HOUSTON – The trial of Terry “Brian” Thompson started Wednesday in a downtown courtroom filled to capacity.

Thompson, husband of a then Harris County deputy, is accused of choking 24-year-old John Hernandez outside a Denny’s restaurant in the Sheldon area.

Thompson has pleaded not guilty.

Opening statements were held Wednesday along with a protest outside the Harris County Courthouse. Attorneys told dramatically different accounts of the events that occurred on the night of May 28, 2017 outside of a Denny’s restaurant.

Harris County Assistant District Attorney Jules Johnson told jurors Hernandez made a “fatal mistake” that night when he left the restaurant and urinated behind his truck in the Denny’s parking lot.

“(Thompson) starts yelling at Mr. Hernandez,” Johnson said. “The defendant has strategically placed himself in the way. What you will hear is that within seconds the defendant has the upper hand.”

The confrontation between the Thompsons and Hernandez was caught on camera. Thompson reportedly got into a fight with him after seeing him urinating outside a Denny's restaurant.

Johnson told jurors Hernandez was held in a choke-hold by Thompson for much longer than the eyewitness cell phone video shows.

“He has this choke-hold for the first minute, for the second minute, for the third minute,” Johnson said.

Hernandez was taken to the hospital after he stopped breathing while Thompson was restraining him. Hernandez was left brain dead and then taken off life support days later.

Thompson's wife, former Harris County Sheriff's Deputy Chauna Thompson, is also charged with murder for allegedly helping to restrain Hernandez.

"(Thompson) continued to hold this chokehold until it is confirmed that Mr. Hernandez is no longer breathing. Upwards of 15 minutes... with what's in the defendant's words as a choke hold." said the prosecutor in the case to the jury on Wednesday.

"I believe that the evidence will show that the mere fact that this struggle lasted as long as it did, indicates that Mr. Thompson had no intention of killing Mr. Hernandez. If he had any intention of killing Mr. Hernandez, a choke hold would've had him unconscious in 15 to 20 seconds." Thompson's attorney said.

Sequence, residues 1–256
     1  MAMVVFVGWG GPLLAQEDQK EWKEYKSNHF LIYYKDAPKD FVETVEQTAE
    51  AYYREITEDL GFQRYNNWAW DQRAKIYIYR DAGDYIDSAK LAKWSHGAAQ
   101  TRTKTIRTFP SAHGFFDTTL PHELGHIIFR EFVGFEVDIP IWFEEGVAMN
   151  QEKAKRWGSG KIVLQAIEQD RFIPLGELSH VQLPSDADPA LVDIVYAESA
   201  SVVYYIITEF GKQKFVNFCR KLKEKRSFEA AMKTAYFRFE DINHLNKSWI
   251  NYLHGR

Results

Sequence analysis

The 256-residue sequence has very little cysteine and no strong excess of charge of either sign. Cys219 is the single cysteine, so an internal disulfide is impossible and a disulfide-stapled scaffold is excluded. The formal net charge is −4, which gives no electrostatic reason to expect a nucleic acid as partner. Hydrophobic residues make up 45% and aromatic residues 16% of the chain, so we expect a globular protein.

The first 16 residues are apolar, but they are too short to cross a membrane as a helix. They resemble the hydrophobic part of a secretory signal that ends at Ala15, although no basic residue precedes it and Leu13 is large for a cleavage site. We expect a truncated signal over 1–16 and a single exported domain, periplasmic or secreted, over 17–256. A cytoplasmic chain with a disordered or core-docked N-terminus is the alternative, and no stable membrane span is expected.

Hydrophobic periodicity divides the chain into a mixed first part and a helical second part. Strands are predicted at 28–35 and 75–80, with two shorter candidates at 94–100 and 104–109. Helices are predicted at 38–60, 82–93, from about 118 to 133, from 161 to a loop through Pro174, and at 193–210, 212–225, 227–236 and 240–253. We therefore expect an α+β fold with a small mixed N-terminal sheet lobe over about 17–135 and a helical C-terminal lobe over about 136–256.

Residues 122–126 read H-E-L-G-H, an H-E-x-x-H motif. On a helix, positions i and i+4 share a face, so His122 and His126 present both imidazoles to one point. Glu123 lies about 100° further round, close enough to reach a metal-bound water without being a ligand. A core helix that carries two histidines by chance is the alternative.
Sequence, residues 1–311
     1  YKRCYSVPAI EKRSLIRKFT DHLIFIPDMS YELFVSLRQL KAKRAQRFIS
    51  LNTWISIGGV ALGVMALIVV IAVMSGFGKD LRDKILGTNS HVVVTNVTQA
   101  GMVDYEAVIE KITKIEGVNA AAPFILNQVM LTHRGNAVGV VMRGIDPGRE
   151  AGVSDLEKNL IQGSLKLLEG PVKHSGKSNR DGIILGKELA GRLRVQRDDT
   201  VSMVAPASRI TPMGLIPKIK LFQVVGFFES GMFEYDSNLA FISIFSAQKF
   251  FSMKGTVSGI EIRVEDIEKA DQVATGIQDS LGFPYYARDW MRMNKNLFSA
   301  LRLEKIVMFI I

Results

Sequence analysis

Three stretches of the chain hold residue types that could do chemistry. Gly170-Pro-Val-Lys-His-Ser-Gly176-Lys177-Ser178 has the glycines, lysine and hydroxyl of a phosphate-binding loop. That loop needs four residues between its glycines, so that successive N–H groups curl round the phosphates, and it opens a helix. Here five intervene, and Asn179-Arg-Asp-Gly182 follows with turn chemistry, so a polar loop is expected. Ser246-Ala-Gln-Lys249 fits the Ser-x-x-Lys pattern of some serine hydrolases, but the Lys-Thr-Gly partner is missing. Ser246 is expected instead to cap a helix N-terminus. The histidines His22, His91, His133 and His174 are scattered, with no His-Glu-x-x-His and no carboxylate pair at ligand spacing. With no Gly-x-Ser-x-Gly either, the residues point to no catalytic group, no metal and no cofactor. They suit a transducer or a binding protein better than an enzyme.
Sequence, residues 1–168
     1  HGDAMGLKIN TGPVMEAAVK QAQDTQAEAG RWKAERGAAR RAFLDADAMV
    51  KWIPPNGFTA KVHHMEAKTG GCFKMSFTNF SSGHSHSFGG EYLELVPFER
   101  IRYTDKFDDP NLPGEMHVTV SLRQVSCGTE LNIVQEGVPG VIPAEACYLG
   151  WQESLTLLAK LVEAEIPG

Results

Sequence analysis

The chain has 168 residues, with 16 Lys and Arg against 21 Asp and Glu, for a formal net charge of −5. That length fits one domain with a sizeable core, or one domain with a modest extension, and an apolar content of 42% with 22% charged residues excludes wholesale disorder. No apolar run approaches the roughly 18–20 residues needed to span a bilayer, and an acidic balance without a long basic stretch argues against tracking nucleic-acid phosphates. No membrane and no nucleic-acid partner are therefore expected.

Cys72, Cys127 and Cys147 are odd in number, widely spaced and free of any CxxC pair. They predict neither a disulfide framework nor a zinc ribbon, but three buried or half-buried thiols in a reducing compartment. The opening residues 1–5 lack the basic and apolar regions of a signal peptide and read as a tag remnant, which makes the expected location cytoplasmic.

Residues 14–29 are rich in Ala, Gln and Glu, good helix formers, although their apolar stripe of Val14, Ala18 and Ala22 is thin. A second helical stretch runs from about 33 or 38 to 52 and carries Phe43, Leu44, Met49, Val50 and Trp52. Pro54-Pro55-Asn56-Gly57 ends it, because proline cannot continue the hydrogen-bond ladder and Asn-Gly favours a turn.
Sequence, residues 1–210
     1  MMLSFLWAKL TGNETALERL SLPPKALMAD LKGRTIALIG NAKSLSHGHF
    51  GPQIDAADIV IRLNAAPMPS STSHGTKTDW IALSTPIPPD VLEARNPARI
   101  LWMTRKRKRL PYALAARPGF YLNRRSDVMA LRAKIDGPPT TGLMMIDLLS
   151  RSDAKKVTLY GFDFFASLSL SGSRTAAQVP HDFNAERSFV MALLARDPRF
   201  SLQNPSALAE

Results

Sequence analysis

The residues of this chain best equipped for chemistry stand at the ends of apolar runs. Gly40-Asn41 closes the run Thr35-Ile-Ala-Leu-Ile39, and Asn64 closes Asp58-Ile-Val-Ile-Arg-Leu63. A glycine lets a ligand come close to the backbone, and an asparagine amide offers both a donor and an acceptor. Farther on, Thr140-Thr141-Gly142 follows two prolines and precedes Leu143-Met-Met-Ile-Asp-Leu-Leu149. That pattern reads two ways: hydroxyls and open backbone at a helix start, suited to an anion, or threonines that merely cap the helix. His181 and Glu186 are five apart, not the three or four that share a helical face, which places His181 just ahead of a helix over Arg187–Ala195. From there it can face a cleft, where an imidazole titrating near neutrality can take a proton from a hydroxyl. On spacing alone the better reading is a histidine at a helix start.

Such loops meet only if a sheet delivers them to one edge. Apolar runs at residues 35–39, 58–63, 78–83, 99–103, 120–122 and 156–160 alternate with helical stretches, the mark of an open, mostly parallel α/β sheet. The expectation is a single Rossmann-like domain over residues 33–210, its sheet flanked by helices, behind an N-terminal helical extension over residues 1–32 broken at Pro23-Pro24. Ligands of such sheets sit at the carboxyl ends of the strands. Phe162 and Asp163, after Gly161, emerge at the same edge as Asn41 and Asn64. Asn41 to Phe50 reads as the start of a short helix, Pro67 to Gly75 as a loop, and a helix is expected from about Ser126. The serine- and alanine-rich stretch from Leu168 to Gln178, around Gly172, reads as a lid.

Defense attorney Scot Courtney described the incident as a “story of two fathers.”

“(Hernandez was) watching soccer all day, drinking and getting drunk,” Courtney told jurors. “The other father spends his day at a family reunion.”

Courtney described Hernandez as unemployed and noted he was not married to the mother of his 3-year-old daughter.

Courtney told jurors Hernandez was intoxicated as he drove his girlfriend and daughter to the Denny’s that night.

The defense attorney told jurors Hernandez was the aggressor after Thompson confronted him about urinating in the parking lot.

“(Hernandez) shoved (Thompson) and hit him in the face,” Courtney said. “Mr. Thompson reacts and defends himself.”

Courtney said Thompson did not intend to kill Hernandez.

Prosecutors first called Eric Aleman, 20, to testify. Aleman said he is Hernandez’s common-law brother-in-law.

Aleman testified he was called to the Denny’s by Hernandez’s common-law wife but the scene had been cleared by the time he arrived.

Aleman testified he knew Hernandez for five years and that Hernandez enjoyed fishing, paintball, soccer and cooking.

Prosecutors then called Harris County Forensic Science Center’s assistant medical examiner who performed the autopsy on Hernandez.

Graphic autopsy photos were displayed on a projector for jurors. The assistant medical examiner pointed out Hernandez’s purple coloring and burst blood vessels throughout his face and in his eyeballs.

Thompson did not look at the photos as they were shown in the courtroom.

Hernandez’s official cause of death is homicide by "anoxic encephalopathy due to strangulation with chest compression."

The Hernandez family has been fighting for justice for their son since this all happened last year.

“Gracias a todos por su appoyo — I don't know what we'd have done by ourselves,” Ignacio Hernandez, father of John Hernandez, said during last week’s jury selection.

Two jurors were dismissed Wednesday morning before opening statements, leaving 12 jurors and one alternate.

There are eight male jurors and five female jurors; the jury is composed of Hispanics, Caucasians and one African-American.

Chauna Thompson will be tried later this year. Terry Thompson faces life in prison if convicted.